ED probe may delay Byju’s fundraise plan

May also hit IPO of subsidiary Aakash

Byju's, IPO, ED
According to ED’s statement late last week, the investigation was initiated based on complaints from various individuals.

The Enforcement Directorate’s (ED’s) investigation into edtech firm Byju’s for alleged violation of Foreign Exchange Management Act (Fema) is likely to impact the company’s fundraising plans and the initial public offering (IPO) of its subsidiary, Aakash Educational Services.

Analysts FE spoke to said it is quite likely that investors will seek explanations from the company with regard to the investigation and may even withdraw any commitment made by them.

Byju’s is currently in the process of raising $700 million, including from international investors. It is also mulling a Rs 8,000-crore IPO for its subsidiary, Aakash Educational Services, which was acquired by edtech major for $1 billion in 2021.

Tushar Agarwal, advocate, Supreme Court, said any further actions by ED after this search may certainly affect the fundraising plans of Byju’s because such developments affect the public perception of the company. “If ED after investigation, finds that any Indian resident or entity has acquired, held, owned, possessed or transferred the foreign exchange, foreign security or any immovable property in contravention to the Section 4 of Fema, ED can seize the, value equivalent, of such foreign exchange, foreign security or immovable property which is situated in India,” Agarwal said.

R Sudhinder, senior partner at Argus Partners said there’s always a chance of fund seizure in such cases, so only very convincing explanations can satisfy the investors. “If a violation of laws is proved during the ED investigation then investors can definitely hold back committed funds under the clauses of a term sheet even if it’s binding,” Sudhinder said.

Naomi Chandra, partner, Singhania & Co also said if an individual investor seeks to withdraw its participation in a funding round despite a binding term sheet, then it would be classified as a civil dispute depending on the arbitration agreement.

“In a term sheet, there could be force majeure clauses or a separate pre-written clause that allows an investor to withdraw from the funding,” Chandra said. She also pointed out that if any shareholder specifically goes to Sebi objecting to the IPO, then Sebi may take note of it.

“Technically an IPO cannot be withheld by Sebi unless there are specific and independent indications of market violations by the accused company. However, ED proceedings resulting in serious penal actions like freezing of accounts, arrests of senior officials etc, in matters like the present one, is likely to make a strong case for Sebi to take congnizance of the matter,” Chandra added.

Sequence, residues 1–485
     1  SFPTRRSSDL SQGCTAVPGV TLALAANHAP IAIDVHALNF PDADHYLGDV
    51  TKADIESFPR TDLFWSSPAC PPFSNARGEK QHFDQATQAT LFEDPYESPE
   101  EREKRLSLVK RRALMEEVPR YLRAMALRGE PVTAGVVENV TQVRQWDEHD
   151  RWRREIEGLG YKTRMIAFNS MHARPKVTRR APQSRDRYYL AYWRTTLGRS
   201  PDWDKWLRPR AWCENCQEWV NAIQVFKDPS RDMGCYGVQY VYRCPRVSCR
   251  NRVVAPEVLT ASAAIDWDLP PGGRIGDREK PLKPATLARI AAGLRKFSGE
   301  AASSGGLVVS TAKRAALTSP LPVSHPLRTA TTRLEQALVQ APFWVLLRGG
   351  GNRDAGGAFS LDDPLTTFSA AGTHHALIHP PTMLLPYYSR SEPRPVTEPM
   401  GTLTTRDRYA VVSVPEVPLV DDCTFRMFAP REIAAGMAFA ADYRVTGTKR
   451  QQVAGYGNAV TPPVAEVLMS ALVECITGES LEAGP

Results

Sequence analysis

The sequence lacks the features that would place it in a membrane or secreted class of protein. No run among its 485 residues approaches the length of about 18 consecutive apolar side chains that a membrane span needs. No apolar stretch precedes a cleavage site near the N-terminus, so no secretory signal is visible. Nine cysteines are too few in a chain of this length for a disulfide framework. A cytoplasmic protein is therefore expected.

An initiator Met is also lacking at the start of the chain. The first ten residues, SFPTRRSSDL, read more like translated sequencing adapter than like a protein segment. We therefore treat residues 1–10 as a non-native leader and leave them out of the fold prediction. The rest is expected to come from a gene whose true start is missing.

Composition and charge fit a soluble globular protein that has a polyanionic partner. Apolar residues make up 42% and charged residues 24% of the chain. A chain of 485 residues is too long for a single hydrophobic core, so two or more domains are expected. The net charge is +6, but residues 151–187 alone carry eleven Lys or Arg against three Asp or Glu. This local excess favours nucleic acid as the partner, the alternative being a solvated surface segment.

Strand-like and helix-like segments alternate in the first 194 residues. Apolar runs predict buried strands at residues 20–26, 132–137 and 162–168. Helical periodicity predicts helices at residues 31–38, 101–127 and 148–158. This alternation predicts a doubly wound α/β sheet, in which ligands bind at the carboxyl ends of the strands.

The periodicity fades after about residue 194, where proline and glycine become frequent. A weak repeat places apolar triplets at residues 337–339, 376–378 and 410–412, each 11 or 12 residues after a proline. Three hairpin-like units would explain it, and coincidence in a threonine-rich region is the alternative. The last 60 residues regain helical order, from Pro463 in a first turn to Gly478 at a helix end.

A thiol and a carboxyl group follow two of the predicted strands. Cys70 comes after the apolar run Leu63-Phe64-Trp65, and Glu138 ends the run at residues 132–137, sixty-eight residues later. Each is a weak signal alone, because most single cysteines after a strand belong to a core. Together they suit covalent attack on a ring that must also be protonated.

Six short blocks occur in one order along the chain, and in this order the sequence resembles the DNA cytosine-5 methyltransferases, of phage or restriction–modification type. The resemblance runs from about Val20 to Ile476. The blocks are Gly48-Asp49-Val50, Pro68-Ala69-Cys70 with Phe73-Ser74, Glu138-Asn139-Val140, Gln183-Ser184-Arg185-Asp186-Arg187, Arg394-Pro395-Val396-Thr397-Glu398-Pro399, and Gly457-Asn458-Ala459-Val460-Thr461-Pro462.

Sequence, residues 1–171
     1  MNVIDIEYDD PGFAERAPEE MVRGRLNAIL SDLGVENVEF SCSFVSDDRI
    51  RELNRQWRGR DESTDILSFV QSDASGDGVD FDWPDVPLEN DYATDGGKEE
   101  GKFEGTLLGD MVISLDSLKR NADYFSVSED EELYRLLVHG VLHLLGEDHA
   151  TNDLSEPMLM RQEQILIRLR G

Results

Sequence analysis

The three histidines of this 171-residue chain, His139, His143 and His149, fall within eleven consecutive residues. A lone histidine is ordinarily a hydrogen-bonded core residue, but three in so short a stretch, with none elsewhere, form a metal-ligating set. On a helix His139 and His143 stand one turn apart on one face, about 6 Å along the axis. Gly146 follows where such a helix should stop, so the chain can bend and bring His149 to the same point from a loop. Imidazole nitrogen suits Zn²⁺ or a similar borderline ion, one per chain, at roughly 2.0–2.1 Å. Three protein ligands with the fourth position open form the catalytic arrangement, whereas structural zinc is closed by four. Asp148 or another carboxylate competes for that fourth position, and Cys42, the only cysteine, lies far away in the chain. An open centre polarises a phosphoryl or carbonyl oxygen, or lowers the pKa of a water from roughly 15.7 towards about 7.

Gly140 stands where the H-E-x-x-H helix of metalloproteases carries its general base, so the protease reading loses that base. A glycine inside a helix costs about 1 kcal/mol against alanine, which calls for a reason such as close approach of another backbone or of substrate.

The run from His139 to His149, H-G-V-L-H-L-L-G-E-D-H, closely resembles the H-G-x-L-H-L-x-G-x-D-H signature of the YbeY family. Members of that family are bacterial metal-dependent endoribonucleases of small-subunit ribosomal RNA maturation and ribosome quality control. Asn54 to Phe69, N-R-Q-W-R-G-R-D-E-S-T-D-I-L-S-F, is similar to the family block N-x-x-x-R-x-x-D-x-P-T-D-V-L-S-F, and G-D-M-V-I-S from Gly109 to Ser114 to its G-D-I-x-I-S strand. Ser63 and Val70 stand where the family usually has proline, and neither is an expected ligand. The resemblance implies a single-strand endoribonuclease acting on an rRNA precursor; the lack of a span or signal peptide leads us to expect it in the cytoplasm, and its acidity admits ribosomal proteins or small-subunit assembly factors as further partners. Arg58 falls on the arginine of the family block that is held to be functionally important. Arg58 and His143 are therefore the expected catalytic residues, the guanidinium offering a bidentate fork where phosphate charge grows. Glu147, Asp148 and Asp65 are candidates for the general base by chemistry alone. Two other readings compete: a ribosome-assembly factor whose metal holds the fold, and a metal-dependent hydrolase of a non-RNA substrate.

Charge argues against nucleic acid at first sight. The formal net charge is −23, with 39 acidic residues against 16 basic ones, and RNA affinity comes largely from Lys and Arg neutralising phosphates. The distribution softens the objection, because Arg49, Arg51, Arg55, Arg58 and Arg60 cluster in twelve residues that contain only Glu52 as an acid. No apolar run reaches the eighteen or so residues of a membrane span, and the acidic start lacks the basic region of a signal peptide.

According to ED’s statement late last week, the investigation was initiated based on complaints from various individuals. It said the company’s founder and CEO Raveendran Byju allegedly failed to appear during the investigation despite multiple summons.

The ED is scrutinising Byju’s foreign direct investment (FDI) of ₹28,000 crore and overseas direct investment of ₹9,754 crore made between 2011 and 2023. The company has also booked around ₹944 crore as advertisement and marketing expenses, including funds remitted to foreign jurisdictions.

The agency has raised concerns about the authenticity of the figures provided by the company, as it has not prepared its financial statements since FY21 and has not had its accounts audited, which is mandatory.

On its part, the company has said the visit by ED officials last week related to a routine inquiry under Fema. “We have been completely transparent with the authorities and have provided them with all the information they have requested. We have nothing but the utmost confidence in the integrity of our operations, and we are committed to upholding the highest standards of compliance and ethics. We will continue to work closely with the authorities to ensure that they have all the information they need, and we are confident that this matter will be resolved in a timely and satisfactory manner,” the company has said.

According to reports, ED has also reached out to Byju’s lenders seeking more information on the edtech firm’s existing term loan and other related transactions.

FE had reported earlier that Byju’s is in breach of the covenants of the $1.2-billion loan it took in November 2022. It reportedly failed to provide its financial statements to the lenders according to the stipulated deadline as part of the loan covenant. Following this, a group of lenders who participated in the term loan pushed for faster repayment of part of the loan. In November 2021, Byju’s completed a $1.2-billion term loan B (TLB) raise with a five-year tenure. According to S&P Global, the term loan pledged a 6.78% yield to maturity rate but was an unrated issue.

However, recently, four lenders who participated in Byju’s term loan increased their interest rates for Byju’s. Latest filings of Fidelity, Natixis, Oaktree and American Beacon Funds with SEC show that Byju’s interest rate has increased from about 7% to nearly 13%. The loan that was taken by Byju’s was advised by Shardul Amarchand Mangaldas. While Natixis and American Beacon Funds filings show that Byju’s interest rate has increased from 7% to 12.98%, Fidelity and Oaktree filings show that Byju’s interest rate has increased from 7% to 10.69%. The maturity of the loan falls on November 24, 2026.

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First published on: 02-05-2023 at 06:00 IST